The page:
Former social studies teacher Donna Marie Cozine never thought of herself as an entrepreneur. Her career trajectory as an educator took her from teaching to a position as an assistant principal, then principal, and then as an executive coach for principals through the College Board. She was a coach for five years before she had a radical idea.
It was 2012 and Cozine was alarmed at the impact of the Common Core State Standards initiative. “Schools were ripping the arts out of curriculum,” Cozine recalls. “And it was counterintuitive because the arts grow so many other competencies.” Her own children were just ten months old and nearly three, and she knew what her priorities were for their education. Cozine thought ‘Hey, it would be great to start a school. How hard could it be?’ She now jokes that “how hard could it be?” should be on her tombstone.
She began planning her new school with a co-founder who dropped out of the project early on, so Cozine proceeded on her own. Renaissance Academy Charter School of the Arts opened its doors to 194 K-6 students and 32 staff members in 2014. Seven years later, when Cozine decided to make a second career change, the school had 506 students, a staff of 97, and a waitlist of more than 500 students.
Even before the pandemic hit, Cozine planned to step down as CEO of the school when her youngest child graduated from 6th grade. But COVID and school shut-downs posed many challenges for her. “I was at my dining room table managing my organization with 97 people and a $7 million budget from 7:30 in the morning to 6:00 at night, while my kids were in their rooms doing homework,” she says. “Something had to give.” Cozine had written two books: the first was a leadership book for aspiring superintendents; the second, which came out during the pandemic, was about building positive school cultures. She realized she could leverage her lifelong career as an educator to help individuals achieve joy and balance in their lives by using the tools she had developed to become an effective leader.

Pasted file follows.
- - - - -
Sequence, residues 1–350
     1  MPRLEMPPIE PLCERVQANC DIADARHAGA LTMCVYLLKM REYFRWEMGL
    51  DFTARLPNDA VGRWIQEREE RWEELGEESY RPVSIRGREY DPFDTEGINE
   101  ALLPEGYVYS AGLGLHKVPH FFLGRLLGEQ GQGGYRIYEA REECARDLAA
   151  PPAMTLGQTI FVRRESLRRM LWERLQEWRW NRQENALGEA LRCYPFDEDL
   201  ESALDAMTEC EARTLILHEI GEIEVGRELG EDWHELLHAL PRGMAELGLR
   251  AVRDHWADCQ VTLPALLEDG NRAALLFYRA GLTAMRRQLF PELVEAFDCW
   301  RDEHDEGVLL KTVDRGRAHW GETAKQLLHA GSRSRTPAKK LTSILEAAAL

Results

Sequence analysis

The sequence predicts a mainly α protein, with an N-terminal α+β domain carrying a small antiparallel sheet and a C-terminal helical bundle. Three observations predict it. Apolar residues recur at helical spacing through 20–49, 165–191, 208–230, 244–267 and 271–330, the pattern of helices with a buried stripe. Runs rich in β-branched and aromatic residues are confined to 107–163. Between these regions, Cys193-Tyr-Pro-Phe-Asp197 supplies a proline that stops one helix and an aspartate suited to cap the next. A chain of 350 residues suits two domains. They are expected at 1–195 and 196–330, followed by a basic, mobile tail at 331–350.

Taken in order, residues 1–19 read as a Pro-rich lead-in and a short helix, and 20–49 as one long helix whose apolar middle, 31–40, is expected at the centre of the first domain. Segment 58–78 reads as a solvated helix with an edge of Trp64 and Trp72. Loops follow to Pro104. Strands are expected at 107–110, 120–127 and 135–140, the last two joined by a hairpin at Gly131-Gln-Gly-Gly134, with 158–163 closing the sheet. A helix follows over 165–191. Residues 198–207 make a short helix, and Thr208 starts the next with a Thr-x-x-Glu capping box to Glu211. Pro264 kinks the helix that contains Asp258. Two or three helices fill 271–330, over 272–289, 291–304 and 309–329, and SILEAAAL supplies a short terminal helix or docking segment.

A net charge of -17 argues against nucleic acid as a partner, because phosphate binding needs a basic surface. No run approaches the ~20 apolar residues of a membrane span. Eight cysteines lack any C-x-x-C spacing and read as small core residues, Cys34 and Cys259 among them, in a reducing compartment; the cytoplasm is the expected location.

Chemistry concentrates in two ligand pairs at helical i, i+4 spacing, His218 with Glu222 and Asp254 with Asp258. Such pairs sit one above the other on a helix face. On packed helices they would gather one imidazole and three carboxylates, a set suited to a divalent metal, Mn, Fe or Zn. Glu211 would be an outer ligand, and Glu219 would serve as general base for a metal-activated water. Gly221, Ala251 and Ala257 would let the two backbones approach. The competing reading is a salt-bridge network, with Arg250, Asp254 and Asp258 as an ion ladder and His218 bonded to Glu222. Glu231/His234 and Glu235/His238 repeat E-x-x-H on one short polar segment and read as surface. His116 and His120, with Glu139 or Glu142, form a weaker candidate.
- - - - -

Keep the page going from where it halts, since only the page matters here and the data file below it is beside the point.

"In my most recent presentation to superintendents, I shared a [Newsweek Expert Forum] article that addressed the topic we were talking about. It does give me more credibility.”
Cozine founded her consulting/coaching practice, Consult DMC, in 2019, working with leaders in education at night and on weekends while she was still running her school. When she left the charter school, she then focused entirely on growing her business. “I never really thought of myself as an entrepreneur,” she says. “But when you start a charter school from nothing, that is very entrepreneurial.”
She offers group coaching for female leaders, many of them principals and superintendents. School districts often hire her to work with their leadership teams.
“Before the pandemic, we were already in trouble with teacher and professional retention,” says Cozine. New teachers were leaving the profession at an alarming rate (45%), 17% of principals don’t stay in the same school for more than two years and 45% of superintendents don’t last more than three years. “There are districts who need high-quality people and if they get them, they’re not keeping them,” says Cozine.
“There’s no doubt for me that my work is important.” Through group coaching, educators learn how to set priorities and balance work and life challenges, set boundaries, and practice self-care. Cozine says she started out coaching both men and women but quickly switched to female-only groups. “The whole idea of affinity grouping, bringing women together for ten weeks and having them develop networks, is really powerful,” says Cozine. Participants have the option to continue individual coaching when the ten weeks are over.
“I like being a contributor [to Newsweek Expert Forum] because it keeps me on top of my game,” says Cozine. She is a frequent contributor to Expert Panels and has also written by-lined articles focusing on leadership. “I can leverage those articles and push them out to my audience,” she says. “For instance, in my most recent presentation to superintendents, I shared an article that addressed the topic we were talking about. It does give me more credibility.” Her Newsweek Expert Forum content, which is not exclusively geared toward educators, will help Cozine expand her practice to other markets, she says.